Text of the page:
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Reimagining the IIoT revolution through built-in security

If there’s one truth to operational security that many don’t want to hear, it’s that any system can be compromised. As a multitude of industries like utilities, manufacturing, and oil and gas are adopting industrial internet of things devices — a market set to boom to 100 billion devices over the next five years, according to PricewaterhouseCoopers — ensuring security in these systems is a challenge that will grow exponentially in the near future.

While industrial companies that are taking a cutting-edge approach to IIoT to transform their industry and businesses are out there, many are still stuck in a more traditional IT cybersecurity mindset — focusing on network security defenses. If operational technology (OT) professionals don’t reimagine how to actually protect IoT endpoint devices, they could hamper the IIoT revolution.

Layered networks in information technology environments have traditionally allowed institutions to monitor and rapidly respond to any security threat. But when it comes to OT security, those defenses are simply not enough. Many critical infrastructure industries simply cannot tolerate downtime and risk human safety — detection and response approaches are too little too late. Cybersecurity breaches can result in millions of dollars lost, and also — and more devastatingly — the loss of life. Because of this, it is vital that industrial businesses take a proactive approach when ensuring IIoT security. Unlike IT security, OT security must ensure an attack doesn’t happen in the first place — and that means protecting only the network isn’t enough anymore.

There is a solution to this problem: Critical infrastructure operators must seek out IoT and IIoT devices with security built into these systems — not bolted on. At the chip level, extensively tested and secured cryptography can prove the trustworthiness of a device, ensuring a far more secure system, from boot to application execution. It’s impossible to guarantee 100% security on a device, but IoT and IIoT devices that have embedded security software integrated at the chip level create a nearly impenetrable system regardless of the network or environment.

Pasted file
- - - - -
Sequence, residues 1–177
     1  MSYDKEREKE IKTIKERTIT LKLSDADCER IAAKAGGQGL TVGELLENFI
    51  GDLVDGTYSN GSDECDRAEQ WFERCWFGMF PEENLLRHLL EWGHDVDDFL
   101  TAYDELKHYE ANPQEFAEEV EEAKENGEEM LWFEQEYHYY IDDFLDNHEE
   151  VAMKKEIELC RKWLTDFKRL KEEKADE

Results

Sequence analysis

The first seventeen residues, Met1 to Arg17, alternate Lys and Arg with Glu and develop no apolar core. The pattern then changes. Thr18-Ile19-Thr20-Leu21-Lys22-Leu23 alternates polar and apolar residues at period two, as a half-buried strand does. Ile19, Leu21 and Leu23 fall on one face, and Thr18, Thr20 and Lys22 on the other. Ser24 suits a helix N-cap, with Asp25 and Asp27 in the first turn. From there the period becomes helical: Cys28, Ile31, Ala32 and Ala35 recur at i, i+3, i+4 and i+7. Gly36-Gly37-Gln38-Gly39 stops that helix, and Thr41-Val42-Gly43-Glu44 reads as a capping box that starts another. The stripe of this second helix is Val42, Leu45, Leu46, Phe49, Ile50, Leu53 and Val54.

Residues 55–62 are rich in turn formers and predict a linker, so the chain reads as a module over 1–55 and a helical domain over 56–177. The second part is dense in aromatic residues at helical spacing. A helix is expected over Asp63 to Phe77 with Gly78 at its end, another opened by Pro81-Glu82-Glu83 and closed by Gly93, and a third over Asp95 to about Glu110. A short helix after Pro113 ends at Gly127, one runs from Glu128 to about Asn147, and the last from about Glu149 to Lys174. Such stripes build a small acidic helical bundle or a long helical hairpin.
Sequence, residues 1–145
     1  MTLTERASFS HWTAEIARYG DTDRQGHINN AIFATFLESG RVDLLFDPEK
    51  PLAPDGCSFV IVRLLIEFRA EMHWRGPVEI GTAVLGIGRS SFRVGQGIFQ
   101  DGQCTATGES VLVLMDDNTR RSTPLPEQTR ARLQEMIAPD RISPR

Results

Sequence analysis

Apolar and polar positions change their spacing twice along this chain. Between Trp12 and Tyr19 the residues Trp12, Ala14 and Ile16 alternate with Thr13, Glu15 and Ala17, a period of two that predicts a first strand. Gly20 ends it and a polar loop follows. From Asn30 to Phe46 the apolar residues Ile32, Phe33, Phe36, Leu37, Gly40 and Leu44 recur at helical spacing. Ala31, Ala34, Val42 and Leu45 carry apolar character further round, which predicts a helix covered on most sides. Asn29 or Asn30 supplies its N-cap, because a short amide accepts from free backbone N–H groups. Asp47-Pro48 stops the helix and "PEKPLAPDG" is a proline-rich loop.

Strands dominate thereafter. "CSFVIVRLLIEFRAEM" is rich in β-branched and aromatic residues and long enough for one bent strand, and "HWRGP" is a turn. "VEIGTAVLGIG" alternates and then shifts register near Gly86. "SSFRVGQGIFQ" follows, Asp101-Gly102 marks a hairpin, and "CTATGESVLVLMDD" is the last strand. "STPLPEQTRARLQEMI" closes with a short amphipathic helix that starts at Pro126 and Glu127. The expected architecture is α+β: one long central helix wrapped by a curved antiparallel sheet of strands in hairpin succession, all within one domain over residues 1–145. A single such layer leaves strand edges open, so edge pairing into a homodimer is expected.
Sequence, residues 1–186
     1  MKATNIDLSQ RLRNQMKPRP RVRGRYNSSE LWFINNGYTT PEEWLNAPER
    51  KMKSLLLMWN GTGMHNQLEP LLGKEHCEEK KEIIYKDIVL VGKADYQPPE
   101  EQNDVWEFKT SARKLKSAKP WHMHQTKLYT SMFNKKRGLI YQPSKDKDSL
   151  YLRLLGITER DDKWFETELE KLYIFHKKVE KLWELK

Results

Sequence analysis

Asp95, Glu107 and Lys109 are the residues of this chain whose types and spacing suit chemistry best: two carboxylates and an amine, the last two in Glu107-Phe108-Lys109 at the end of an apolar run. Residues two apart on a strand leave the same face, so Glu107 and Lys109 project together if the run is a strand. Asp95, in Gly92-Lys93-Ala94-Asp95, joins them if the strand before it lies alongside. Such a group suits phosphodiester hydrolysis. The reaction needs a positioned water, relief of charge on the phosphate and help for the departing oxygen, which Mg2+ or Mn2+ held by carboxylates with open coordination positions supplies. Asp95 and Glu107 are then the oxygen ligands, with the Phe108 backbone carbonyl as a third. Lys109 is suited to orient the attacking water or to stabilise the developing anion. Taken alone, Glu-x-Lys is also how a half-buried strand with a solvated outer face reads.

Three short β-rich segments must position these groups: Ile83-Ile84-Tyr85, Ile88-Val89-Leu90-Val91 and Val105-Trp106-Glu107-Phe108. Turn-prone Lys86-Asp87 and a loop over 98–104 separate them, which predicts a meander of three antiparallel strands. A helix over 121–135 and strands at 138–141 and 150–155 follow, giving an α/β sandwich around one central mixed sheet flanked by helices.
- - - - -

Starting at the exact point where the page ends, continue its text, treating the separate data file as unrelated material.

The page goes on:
Trustworthy operations in OT security are no longer just a target concept — it’s an achievable, measurable and demonstrable end state with built-in device security. The advantage of built-in security in the OT environment is each of these platforms has been built with a specific purpose. These aren’t general purpose chips, and thus, they can be built to combat security issues at an explicit level.

NIST, the International Electrotechnical Commission and the Industrial Internet Consortium provide excellent guidelines on cybersecurity and processes that will hopefully rise to the level of auditable and enforceable measures instead of merely guidelines. And in the meantime, silicon vendors and original equipment manufacturers (OEMs) are taking their own steps to ensure the fidelity of these devices right now. Frameworks like the Platform Security Architecture for Arm-designed processors provide silicon vendors with the guidance to protect a multitude of connected devices. By using cryptographic controls built into these processors and coprocessor subsystems, the OT community has a new starting point, whereby endpoints, gateways and communications operate in a trustworthy state.

Security in OT doesn’t just mean data privacy. Security means preventing the unimaginable, and that must start at device protection. The future is uncertain, but the recent HatMan malware attack, also known as Triton or Trisis, proves that critical infrastructure will continue to be a primary target of bad actors. To address these threats, it’s imperative that silicon vendors and OEMs take a leading role in embedding security into their systems. It’s far easier, cheaper and safer than imagining security can be bolted onto a device later. Gone are the days when OT security meant guns, guards and gates. It’s time to engineer OT systems that are tasked for these new challenges.

All IoT Agenda network contributors are responsible for the content and accuracy of their posts. Opinions are of the writers and do not necessarily convey the thoughts of IoT Agenda.

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